Wednesday, 7 March 2018

Review: Provenance

Provenance Provenance by Ann Leckie
My rating: 4 of 5 stars

Ann Leckie has the perhaps enviable problem of having written a first novel so (deservedly) successful that her future work will always be compared to it. Ancillary Justice is a tough act to follow, and for me, this didn't reach the same high mark, though it was good, and got better as it went on.

The main issue for me was the protagonist, who starts out indecisive, ineffectual, whiny, and with a petty motivation for poorly-planned actions. This does leave room for a lot of character arc, and she does become someone much more admirable eventually, but it takes a long time.

Meanwhile, in Leckie's trademark style, she plays with our heads with gender pronouns. In the Ancillary trilogy, everyone was "she" (a cultural convention); here, it appears that the human society recognises three genders, men, women, and nemen, and possibly that people get to choose which one they are when they become adults (indeed, as part of becoming adults) - that's never completely clear. In fact, the whole issue of gender is at one and the same time completely in the background and irrelevant to the plot, and also constantly obtrusive because of the pronouns. For me, that made the story harder work than I felt it needed to be, and I'm afraid I resorted to reading the nemen as men and ignoring the whole issue (since it made no appreciable difference). Perhaps the "made no difference" part was the point.

There's a theme, lightly sketched for most of the book, of being able to choose your own identity and other people respecting that, and also a theme of historical authenticity and connectedness. The title refers to the culture's obsession with objects that were present at particular historical moments, which gives them a kind of mystical significance independent of their value in other ways; several such objects are revealed as fakes in the course of the book, and there is some discussion of how this changes things, but I didn't feel that the idea was ever fully explored, or linked clearly enough to the theme of choosing your identity. One aspect of the society is that you can be given someone else's name as their heir, and this makes you, in a certain sense, that person - you can even exercise an office they've been elected or appointed to. If this had been more clearly and strongly brought together with the idea of the artifacts that gain their significance from the occasions they were present on, and the characters who were trying to justify present prominence by past connections, and the Treaty that everyone was trying not to break, and maybe some aspect of the gender differences, I feel the book would have been stronger; as it was, I was left to make my own connections, and not given a great deal to work with in order to do that. It ended up being much more of a plot/character novel than a theme novel, which is fine, but I felt it left a lot of potential on the table - not to mention that the plot was slow-moving and the main character annoying for a lot of the book.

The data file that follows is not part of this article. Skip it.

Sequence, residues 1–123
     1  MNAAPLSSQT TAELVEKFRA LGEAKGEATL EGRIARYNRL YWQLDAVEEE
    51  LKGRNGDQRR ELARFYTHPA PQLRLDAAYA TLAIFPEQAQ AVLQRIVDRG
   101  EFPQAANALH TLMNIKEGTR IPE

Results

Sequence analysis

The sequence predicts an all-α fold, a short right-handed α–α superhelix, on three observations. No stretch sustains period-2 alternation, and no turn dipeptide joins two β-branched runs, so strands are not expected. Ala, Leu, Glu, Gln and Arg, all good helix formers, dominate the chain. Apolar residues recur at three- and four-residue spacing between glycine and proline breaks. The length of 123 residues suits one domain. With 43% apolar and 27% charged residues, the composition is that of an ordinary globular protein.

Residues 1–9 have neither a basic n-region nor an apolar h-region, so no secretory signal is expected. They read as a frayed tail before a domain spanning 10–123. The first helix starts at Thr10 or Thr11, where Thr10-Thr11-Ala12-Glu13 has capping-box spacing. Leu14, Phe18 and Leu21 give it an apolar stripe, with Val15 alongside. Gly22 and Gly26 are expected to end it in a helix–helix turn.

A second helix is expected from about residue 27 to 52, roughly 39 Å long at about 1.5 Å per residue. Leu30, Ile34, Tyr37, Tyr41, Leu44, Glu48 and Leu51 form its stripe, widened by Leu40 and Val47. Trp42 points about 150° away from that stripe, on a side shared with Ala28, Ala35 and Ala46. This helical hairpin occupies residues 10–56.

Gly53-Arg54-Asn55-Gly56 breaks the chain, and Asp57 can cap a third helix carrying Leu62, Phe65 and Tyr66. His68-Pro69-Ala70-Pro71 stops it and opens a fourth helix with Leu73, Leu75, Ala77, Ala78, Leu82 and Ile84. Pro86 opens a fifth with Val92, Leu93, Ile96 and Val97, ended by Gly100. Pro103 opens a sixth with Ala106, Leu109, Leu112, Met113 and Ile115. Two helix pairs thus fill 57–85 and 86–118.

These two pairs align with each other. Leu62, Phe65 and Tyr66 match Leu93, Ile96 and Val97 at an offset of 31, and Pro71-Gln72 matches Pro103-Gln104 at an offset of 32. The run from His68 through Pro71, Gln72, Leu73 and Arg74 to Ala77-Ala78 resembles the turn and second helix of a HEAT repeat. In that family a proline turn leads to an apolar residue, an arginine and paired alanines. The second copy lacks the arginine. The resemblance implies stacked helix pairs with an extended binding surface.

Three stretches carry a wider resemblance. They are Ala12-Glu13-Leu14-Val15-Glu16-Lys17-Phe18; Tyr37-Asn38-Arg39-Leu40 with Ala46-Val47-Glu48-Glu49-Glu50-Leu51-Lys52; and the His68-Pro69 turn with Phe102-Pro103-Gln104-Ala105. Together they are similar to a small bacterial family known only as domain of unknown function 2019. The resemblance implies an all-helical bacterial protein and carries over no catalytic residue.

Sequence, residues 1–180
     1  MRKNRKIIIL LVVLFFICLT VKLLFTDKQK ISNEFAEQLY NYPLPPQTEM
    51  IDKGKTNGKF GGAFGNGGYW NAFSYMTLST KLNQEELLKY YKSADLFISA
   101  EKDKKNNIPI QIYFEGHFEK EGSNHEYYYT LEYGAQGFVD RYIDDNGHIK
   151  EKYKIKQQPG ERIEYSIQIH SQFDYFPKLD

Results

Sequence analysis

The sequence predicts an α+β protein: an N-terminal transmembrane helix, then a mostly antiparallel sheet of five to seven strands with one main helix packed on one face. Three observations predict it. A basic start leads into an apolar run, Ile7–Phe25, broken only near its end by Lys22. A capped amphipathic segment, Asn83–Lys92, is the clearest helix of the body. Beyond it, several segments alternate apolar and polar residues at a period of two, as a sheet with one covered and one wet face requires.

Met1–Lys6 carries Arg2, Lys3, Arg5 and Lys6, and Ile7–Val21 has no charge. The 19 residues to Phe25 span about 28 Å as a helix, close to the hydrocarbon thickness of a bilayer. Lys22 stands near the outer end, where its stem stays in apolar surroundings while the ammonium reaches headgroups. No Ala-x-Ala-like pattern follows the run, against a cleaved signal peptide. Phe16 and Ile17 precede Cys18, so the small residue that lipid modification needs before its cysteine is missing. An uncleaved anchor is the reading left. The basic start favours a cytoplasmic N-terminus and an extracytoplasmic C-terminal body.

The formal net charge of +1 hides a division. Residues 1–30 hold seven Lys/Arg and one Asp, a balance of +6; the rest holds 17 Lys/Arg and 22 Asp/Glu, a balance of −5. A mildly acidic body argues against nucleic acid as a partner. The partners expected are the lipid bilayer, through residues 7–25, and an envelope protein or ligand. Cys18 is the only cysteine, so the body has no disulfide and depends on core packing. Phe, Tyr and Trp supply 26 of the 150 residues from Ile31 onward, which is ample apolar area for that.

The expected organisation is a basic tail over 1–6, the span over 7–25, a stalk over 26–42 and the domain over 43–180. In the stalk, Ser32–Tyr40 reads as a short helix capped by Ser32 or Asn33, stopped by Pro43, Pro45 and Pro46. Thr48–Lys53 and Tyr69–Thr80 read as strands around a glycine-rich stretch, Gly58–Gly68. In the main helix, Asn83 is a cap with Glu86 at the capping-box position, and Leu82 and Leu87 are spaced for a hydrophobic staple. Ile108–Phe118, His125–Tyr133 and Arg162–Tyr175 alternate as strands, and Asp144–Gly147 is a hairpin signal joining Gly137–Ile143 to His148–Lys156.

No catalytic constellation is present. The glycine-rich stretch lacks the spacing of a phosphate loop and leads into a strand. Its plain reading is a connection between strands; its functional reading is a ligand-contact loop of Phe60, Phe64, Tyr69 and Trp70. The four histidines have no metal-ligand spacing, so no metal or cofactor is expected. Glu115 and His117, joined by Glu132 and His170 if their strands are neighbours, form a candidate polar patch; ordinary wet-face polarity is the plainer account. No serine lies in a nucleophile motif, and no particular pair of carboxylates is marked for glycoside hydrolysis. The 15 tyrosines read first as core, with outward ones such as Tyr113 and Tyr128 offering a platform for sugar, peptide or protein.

It was better than I make it sound, but not as good as I thought it could have been.

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